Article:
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We Can React, or We Can Respond

     Some people are looking around the United States today and seeing, “a new level of division” in society. This perspective, though heart-felt and emotionally honest, is not historically informed. The United States in the 1950’s was in a state of legal apartheid under Jim Crow, and the United States in the 1860’s was in a state of civil war. Feminist movement in the 1960’s, 70’s, and 80’s upended normative gender roles and expectations for the lives of women. Every generation has believed that it was experiencing “the end of days”; as people become more aware of the suffering of others, the world appears to become a less safe, less just, less loving place.

     If we choose to react to these feelings of fear, or anger, or hopelessness, we subsequently allow all of our actions to in fact be reactions to our experiences/understandings of oppression and violence. We allow abuse and hate to define our actions. In essence, we relinquish our responsibility for creating the world we want. In turn, we allow the world to be defined by narrow self-interests, and our work ends up serving to address our feelings rather than the circumstances which produced them.

     If you have attended one of my Bystander Intervention Workshops, you know that when we are triggered (angry, anxious, fearful, etc.) our critical-thinking brain center receives less blood than our self-preservation brain center. This means that when we are triggered, we are physically less capable of making rational decisions and using moral reasoning. Subsequently, we are more likely to escalate a situation than we are to de-escalate, which leads to less safety, less justice, and less compassion.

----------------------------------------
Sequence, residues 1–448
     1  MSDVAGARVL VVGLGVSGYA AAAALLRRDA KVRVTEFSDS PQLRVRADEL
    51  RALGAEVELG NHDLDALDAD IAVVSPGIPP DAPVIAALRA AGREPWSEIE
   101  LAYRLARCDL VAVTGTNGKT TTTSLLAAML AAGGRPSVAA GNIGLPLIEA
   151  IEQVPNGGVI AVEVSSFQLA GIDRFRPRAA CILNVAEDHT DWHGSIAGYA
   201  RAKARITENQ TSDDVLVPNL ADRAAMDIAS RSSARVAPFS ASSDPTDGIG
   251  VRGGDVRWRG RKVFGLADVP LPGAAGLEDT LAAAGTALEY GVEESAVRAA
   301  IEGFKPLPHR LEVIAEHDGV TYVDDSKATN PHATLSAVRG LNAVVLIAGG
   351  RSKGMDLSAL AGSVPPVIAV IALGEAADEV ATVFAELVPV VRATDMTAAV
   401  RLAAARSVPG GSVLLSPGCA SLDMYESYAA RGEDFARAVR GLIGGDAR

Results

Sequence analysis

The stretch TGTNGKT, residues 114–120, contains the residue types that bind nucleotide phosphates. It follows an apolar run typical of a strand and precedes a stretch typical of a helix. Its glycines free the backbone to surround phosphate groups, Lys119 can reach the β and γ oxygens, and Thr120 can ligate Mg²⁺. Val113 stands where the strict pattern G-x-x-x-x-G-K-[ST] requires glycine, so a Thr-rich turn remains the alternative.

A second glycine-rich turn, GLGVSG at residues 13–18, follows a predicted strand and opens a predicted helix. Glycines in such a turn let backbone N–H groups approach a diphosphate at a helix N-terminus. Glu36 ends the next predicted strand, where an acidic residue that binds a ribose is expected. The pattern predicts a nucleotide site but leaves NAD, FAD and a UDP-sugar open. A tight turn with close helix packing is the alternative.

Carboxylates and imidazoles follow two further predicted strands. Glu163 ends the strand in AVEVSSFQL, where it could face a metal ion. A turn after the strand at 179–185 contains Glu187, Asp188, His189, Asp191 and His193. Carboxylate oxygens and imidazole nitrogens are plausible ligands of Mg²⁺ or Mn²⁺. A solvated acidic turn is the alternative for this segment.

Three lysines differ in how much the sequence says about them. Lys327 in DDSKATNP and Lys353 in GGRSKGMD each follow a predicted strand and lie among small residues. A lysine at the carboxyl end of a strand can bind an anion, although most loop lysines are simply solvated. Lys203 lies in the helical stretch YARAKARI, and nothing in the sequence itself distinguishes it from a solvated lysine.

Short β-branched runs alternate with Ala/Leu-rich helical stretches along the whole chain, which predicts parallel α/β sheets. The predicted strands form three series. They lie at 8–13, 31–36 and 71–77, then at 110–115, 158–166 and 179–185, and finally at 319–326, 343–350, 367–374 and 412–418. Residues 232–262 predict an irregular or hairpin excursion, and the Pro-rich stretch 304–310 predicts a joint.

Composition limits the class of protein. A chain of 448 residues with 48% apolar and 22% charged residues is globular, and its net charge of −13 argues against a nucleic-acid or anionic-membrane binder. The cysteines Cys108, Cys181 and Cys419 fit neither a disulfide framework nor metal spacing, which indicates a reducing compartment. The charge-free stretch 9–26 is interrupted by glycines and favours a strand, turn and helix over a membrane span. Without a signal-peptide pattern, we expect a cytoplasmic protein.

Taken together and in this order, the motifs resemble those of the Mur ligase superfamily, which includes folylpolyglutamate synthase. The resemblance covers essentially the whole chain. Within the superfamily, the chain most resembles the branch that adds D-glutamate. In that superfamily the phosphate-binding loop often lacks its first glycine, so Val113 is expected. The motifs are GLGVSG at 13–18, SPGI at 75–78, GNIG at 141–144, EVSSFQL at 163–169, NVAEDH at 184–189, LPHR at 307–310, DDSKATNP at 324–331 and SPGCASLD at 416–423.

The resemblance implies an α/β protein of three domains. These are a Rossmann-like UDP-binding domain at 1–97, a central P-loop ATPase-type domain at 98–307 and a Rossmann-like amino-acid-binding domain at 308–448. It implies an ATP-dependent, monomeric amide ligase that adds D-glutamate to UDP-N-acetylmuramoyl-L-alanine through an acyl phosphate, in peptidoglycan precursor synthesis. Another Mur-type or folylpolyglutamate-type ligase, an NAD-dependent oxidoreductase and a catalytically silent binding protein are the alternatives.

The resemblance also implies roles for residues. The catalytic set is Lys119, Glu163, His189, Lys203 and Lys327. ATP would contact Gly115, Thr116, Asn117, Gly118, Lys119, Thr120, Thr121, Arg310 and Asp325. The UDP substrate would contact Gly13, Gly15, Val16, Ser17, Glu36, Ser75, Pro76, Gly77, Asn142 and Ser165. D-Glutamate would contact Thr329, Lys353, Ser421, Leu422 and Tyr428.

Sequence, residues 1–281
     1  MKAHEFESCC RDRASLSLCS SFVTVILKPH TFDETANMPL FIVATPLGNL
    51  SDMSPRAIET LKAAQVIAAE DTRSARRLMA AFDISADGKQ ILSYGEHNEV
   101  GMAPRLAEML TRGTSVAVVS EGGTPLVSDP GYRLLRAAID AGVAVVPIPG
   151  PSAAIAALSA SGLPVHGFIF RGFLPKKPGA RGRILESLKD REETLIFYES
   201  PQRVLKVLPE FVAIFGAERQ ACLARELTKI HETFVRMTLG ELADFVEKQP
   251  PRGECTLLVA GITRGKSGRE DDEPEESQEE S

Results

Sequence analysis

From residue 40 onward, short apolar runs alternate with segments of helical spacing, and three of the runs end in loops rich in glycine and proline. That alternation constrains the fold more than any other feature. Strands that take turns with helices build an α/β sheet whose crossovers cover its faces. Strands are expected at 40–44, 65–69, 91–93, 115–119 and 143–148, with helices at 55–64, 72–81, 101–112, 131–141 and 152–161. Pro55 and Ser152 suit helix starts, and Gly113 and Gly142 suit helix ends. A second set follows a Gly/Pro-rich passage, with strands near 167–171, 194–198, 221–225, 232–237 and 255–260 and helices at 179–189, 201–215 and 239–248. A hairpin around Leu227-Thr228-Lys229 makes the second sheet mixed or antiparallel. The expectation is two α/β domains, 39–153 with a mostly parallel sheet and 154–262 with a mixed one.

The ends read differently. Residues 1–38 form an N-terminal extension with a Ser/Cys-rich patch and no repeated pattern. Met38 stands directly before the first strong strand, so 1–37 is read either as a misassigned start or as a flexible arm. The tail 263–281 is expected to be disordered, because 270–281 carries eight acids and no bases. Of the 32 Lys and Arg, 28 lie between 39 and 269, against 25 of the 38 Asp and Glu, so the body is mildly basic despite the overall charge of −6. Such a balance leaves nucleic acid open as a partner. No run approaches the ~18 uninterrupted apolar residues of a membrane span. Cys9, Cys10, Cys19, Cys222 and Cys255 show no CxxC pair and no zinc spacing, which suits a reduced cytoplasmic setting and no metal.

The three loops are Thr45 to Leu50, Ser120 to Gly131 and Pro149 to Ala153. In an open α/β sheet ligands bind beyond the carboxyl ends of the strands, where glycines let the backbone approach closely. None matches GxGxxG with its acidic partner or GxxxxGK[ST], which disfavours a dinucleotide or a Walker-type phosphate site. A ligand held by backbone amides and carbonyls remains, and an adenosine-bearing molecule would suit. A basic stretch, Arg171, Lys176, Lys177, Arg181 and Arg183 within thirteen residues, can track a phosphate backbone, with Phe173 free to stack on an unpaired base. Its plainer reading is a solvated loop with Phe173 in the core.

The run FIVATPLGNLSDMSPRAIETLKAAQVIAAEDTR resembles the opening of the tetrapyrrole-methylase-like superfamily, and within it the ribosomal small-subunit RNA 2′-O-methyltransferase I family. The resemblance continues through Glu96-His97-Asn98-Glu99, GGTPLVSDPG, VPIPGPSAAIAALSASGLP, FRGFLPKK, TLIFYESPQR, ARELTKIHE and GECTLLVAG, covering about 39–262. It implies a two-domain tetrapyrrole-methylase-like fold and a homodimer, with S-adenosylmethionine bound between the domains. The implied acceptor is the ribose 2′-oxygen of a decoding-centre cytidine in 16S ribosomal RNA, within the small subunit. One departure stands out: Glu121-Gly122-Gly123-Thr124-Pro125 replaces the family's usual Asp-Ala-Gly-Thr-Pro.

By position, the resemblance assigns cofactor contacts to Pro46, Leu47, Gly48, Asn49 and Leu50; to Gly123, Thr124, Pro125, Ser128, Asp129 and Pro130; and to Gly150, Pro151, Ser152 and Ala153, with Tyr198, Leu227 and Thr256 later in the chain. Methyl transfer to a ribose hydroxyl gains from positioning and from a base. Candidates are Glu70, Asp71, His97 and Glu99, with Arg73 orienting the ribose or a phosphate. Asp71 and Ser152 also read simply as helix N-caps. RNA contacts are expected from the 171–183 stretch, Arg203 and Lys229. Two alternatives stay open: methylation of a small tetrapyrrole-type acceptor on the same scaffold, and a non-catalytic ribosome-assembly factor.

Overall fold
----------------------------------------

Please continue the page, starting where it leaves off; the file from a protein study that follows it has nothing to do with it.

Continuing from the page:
No, instead of reacting, we need to respond. And responding requires a level of discipline and focus that reaction does not. Fortunately, we have a powerful resource for this work: our faith.  People of faith are people who have decided to trust in God, even when we are outraged, uncertain, or afraid. Trusting in God does not mean washing our hands of the pain and injustice of the world; in fact, trusting in God is quite the opposite. Trusting in God means acting for God’s Kin(g)dom in the face of injustice, pushing forward with God’s desire for peace and wholeness, for inclusion and freedom, regardless of the obstacles in front of us.

     In order to use this powerful resource, we must first develop it in ourselves. This month, we will focus on “Getting Knit Together”. In August, we talked about the power of belonging and how what we belong to shapes our lives. This month, we will discuss practical strategies for deepening our trust in God, strengthening our relationships with one another, and re-shaping God’s church to be a force for response rather than reaction. God has given us the keys; what we loose on Earth shall be loosed in heaven, and what we bind together down here will be bound together in eternity. In short, what we do down here, right now, it matters. If God has given us the keys, what are we going to do with them?

In Peace and With Love,

Pastor Andrew